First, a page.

David sang in Welsh today—
faced the rising sun and sang;
his voice, so strong and clear,
we stopped our work and listened,
the women by the breakfast fires,
the men hitching up the mules,
even the soldiers escorting us—
all stopped and listened to him sing:
Arglwydd, arwain trwy’r anialwch—
Lord, lead me through the wilderness—
O, his voice, like a sweet fountain flowing,
clear and strong across the prairie.
David sang in Welsh today—
how good to hear him sing again.

He never sang in Utah—
not with the other men
while working in the quarry.
He would not join the chapel choir,
saying he could not sing
while the Saints were in darkness;
would not sing as long as humble Saints
were forced to give their possessions to the Church;
to work first for the leaders,
and then for themselves.
This was not the Zion we expected,
the communal life he preached in Wales.
He would not sing while the Church
preached polygamy,
or all the temple rites,
or blind obedience to the priesthood.
He would not sing while rule in Zion
was no better than the ironmasters’
grips on the valleys of South Wales.

And when we left Utah
traveling east through the mountains,
still he would not sing—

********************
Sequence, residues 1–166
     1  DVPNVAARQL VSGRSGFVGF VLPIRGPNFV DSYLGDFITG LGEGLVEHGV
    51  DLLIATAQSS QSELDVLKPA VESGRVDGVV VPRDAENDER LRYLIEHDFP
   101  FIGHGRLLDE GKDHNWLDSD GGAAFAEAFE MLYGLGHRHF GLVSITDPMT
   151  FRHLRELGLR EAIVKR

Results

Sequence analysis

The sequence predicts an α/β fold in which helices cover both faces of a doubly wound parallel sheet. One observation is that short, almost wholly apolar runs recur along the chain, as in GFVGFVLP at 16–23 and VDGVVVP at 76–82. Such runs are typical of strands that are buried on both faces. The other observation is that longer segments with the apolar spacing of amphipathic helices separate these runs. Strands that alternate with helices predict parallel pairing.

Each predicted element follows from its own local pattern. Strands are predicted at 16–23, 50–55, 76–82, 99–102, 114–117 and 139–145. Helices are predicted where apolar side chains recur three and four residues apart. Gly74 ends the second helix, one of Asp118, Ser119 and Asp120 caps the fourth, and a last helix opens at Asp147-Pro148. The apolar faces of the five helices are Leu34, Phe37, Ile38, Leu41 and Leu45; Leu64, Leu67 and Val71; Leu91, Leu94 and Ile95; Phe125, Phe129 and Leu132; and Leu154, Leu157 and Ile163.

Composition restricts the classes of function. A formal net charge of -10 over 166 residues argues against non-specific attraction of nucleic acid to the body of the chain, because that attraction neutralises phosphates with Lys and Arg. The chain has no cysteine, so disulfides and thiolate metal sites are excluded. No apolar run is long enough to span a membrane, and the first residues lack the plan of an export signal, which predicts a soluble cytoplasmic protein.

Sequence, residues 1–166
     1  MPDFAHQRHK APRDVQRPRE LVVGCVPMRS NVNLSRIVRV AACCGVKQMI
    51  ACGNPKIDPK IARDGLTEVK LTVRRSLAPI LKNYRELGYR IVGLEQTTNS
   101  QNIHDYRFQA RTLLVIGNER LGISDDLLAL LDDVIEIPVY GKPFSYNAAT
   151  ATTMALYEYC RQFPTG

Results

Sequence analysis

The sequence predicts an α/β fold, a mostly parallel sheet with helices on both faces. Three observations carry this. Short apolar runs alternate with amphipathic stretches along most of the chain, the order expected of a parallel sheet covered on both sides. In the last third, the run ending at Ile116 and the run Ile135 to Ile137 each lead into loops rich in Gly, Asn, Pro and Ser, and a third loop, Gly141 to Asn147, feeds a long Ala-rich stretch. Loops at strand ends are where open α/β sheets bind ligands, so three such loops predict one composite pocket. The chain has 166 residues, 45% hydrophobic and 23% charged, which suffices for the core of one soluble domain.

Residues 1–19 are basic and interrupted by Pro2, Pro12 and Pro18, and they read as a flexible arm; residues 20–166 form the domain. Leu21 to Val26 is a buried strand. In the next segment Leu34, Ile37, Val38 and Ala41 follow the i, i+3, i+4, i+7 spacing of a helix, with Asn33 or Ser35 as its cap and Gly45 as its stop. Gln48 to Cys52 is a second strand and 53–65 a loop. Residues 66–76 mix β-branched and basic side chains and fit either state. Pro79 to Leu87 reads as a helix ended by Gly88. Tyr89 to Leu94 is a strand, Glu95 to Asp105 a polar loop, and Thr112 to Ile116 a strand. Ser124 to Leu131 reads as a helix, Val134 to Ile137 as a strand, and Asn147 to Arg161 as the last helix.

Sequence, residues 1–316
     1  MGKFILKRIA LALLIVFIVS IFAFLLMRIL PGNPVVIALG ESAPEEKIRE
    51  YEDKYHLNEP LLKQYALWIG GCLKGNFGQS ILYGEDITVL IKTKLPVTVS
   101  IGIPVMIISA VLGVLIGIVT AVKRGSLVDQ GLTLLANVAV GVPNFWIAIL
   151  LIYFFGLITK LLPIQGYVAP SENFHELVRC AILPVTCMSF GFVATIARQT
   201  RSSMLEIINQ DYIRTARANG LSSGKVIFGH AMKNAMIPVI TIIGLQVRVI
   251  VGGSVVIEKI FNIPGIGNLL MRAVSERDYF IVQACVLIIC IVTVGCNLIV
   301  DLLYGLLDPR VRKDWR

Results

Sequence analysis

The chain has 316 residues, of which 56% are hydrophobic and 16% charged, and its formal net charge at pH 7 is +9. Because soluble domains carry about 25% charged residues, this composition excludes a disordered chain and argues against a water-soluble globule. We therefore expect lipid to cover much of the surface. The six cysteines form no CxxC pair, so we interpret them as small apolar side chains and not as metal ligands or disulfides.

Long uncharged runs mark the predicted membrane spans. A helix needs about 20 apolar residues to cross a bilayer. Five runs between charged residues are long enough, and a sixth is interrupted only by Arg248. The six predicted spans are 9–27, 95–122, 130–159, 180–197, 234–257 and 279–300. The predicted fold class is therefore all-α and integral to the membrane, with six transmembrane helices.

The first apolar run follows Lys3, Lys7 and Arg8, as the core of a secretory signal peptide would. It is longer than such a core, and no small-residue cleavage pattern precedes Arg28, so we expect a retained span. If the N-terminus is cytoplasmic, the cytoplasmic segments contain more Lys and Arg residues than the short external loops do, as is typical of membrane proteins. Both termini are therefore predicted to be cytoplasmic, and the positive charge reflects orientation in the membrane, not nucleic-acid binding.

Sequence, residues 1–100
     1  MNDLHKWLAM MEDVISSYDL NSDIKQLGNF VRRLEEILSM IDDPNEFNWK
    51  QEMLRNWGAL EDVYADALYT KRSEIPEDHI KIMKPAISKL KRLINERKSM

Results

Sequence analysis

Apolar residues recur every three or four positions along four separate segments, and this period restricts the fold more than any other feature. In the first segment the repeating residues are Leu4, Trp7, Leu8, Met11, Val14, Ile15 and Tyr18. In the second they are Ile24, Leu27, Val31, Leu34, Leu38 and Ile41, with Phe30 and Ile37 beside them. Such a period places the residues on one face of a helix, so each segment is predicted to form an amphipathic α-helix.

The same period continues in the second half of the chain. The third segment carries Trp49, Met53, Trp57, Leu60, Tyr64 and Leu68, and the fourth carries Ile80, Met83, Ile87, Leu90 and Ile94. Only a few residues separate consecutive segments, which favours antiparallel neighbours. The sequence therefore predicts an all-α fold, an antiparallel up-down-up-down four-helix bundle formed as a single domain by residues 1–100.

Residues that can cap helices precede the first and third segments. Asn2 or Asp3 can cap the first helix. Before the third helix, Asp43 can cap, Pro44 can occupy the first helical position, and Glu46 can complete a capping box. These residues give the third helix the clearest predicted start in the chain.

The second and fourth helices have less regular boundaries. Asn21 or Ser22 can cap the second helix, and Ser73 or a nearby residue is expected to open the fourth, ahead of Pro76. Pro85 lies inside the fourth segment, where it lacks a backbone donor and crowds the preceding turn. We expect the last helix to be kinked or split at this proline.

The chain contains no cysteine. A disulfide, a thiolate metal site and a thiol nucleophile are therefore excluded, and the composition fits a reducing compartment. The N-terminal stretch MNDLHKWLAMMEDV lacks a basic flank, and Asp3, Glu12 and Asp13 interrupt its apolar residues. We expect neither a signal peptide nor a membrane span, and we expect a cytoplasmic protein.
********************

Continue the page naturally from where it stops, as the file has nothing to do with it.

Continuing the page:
No sounds that might help
the Destroying Angels find us,
no praises sung to heaven above,
no songs to ease the hiraeth we felt—
the longing for life back in Wales.

David sang in Welsh today,
faced the rising sun and sang.
We stopped our work and listened,
and then a rising chorus,
the men hitching up the mules,
the women tending the fires,
voices rising in harmony—
pilgrims of poor appearance,
singing in this barren land.
We felt our anxious fears subside,
and the spirit of God and hope flowed through us,
like the River Jordan in the desert.

David canodd yn Gymraeg heddiw.
David sang in Welsh today.

Separated in Death, Even as in Life 

[John Ratcliffe and Mary Townsend Ratcliffe, Gaylord Kansas]

Separated in death,
even as in life—
her seven sons laid her to rest
in a new grave,
moved from the farm
to what became the family plot
when he died—
John at one end,
Mary at the other,
and between them a space
as wide as the schism in their lives.

What were the sons thinking
when they buried their father
and reburied their mother?
Why did they move her
from the farm she plowed
out of the dry Kansas soil?
Did they envision them all together again
embraced by mother and father?

Or, did they keep them separate
out of respect for her,
with themselves someday
shielding her in death
from the disappointment
and hurt that he caused?

In the end, the sons are scattered—
all the generations scattered—
and in the family plot
only a few remained to fill
the space between the graves.

So lie John and Mary:
separated in death, even as in life,
and nothing carved upon their stones
to tell us they were once together.

________________________________________________________________

Michael Ratcliffe is a geographer, residing between Baltimore and Washington. His poems have appeared in The Copperfield Review, Do Not Look at the Sun, Three Line Poetry, The Little Patuxent Review, and You Are Here: the Journal of Creative Geography. He can be found online.